Connected across the load 28 is an undervoltage circuit generally designated by reference 42 whose output lines 43 are connected across to the coil of a relay 18. A diode 44 is connected across the relay coil to handle transients. The undervoltage circuit responds to abnormal voltage drops across the load with the result that current in output lines 43 reduces sufficiently to cause current reduction through relay 18 and open a switch 17 in parallel with the ON button E in the a.c. source lines to the transformer primary 10.
The overvoltage circuit 41 connected across terminals 26 and A includes a first series branch including a Zener diode 45 and current limiting resistors 46 and 47. A second series branch includes a PNP transistor Q5 whose emitter is connected to terminal 26 and whose collector is connected via resistor 48 to terminal A. A third branch includes a SCR 51. As shown in FIG. 1, the cathode of the Zener diode 45 is coupled by a resistor 52 to the base of PNP transistor Q5 and the collector of Q5 is connected to trigger the SCR 51.
The three terminal regulator 21 is connected to the load 28 via the termnal 26 to terminal B connection and the terminal 24 to terminal A connection and is attempting to supply the required load current directly. The input current to the regulator 21 develops a voltage across the resistor 22 causing conduction of transistor Q2, and resulting in load current via the resistor 31, Q2, and resistor 33 circuit. Voltage drop across resistor 33 causes conduction through transistors Q3, 34 and Q4, 35 resulting in increased load current in a cascading manner as shown in FIG. 2. During the time required to establish the voltage regulator current assist paths and to establish the desired voltage across the load the signal on output lines 43 of the undervoltage detector 42 increases to operate relay 18 and lock the a.c. circuit established by ON pushbutton D.
Thereafter the voltage regulator 21 will increase or decrease current within limits according to input voltage variations or load demands to maintain voltage across the load constant. From the preceding, it is evident that load current builds up without the constant hunting characteristic of a feed back system in that as the load draws current, the initial current is through the voltage regulator and as it increases the PNP transistor establishes a first current assist path and further increases establish additional current assist paths through NPN transistors Q3 and Q4. The advantage of this sequential addition of current paths is freedom from 37 hunting", i.e. continual over and under shoot of the voltage regulator 21. Resistance and capacitance value are very low providing fast response time with reasonable efficiency and heat dissipation characteristics. At full load of, for example 20 amperes, the regulator 21 carries .5 amps; the PNP transistor 2.5; and the NPN transistors divide the remaining current equally as shown in FIG. 2.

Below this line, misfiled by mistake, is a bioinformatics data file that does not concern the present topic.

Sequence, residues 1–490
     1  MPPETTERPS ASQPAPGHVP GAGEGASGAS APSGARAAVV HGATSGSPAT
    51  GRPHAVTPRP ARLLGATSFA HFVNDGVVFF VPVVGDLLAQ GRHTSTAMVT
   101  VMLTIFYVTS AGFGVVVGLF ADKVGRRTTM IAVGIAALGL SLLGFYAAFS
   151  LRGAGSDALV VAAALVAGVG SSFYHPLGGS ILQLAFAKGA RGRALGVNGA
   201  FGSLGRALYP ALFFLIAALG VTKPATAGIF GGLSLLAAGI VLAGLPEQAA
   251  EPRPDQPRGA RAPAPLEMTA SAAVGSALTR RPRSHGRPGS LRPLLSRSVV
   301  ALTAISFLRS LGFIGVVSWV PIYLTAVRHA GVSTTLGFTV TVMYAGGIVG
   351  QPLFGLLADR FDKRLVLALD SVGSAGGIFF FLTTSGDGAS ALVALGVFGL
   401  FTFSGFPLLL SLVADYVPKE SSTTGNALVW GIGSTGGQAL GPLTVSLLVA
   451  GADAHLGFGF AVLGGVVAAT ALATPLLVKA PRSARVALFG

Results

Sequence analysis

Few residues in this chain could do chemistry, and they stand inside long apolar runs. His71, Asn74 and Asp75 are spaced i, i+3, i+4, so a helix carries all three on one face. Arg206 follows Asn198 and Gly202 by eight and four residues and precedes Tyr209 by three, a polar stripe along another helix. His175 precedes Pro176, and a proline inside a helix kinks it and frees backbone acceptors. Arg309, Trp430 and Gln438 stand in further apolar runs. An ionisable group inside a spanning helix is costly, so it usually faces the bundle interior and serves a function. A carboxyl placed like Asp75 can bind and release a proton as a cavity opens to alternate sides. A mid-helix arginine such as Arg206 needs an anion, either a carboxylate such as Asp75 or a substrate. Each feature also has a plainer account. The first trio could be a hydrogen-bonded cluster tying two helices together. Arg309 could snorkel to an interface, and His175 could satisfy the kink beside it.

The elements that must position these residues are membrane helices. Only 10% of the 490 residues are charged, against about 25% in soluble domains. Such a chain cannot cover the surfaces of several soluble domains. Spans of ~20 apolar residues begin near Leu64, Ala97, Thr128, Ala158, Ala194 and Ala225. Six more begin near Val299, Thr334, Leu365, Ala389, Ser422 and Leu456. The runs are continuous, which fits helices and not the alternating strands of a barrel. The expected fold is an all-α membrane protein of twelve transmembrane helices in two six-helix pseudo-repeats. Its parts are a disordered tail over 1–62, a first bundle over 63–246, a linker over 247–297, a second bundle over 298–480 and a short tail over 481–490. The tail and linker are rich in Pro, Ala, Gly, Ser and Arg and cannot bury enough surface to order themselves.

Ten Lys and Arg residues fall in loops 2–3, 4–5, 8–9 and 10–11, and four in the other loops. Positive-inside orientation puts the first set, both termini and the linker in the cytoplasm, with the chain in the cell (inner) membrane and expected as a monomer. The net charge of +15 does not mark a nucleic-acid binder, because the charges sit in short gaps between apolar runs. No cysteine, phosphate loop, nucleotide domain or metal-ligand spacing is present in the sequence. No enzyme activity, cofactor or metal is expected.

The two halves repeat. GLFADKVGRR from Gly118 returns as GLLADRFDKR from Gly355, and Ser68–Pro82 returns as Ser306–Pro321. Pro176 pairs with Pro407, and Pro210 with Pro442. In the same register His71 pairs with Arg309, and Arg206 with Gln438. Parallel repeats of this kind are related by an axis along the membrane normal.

Should the current drawn exceed the capability of the supply transformer, the current drawn through the path including resistor 31, which with transistor Q1 establishes a current sensing circuit preset to the capability of the transformer, the voltage drop across resistor 31 increases and the base emitter voltage of Q1 increases with the result that transistor Q1 conducts and shorts out the first and second established current assists paths through Q2, Q3 and Q4 with the result that the voltage regulator 21 is called upon to assume all of the current being drawn by the load. This causes a thermal overload, reducing the current through the regulator 21 with the result that the voltage across the load will drop abnormally, be detected by the undervoltage detector 42 and switch 17 will be opened.
Should the voltage across the load exceed a predetermined magnitude raising the collector base voltage of transistor Q5 whose base is clamped to the voltage across the Zener diode 45 resistor 47, transistor Q5 will conduct and the resulting drop across resistor 48 will trigger SCR 51 shorting out the load. The resulting drop of voltage will again operate the undervoltage detector 42 and open switch 17.
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|U.S. Classification||323/269, 361/18, 323/277|
|International Classification||G05F1/56, G05F1/59, G05F1/571, G05F1/46|
|Cooperative Classification||G05F1/59, G05F1/571|
|European Classification||G05F1/571, G05F1/59|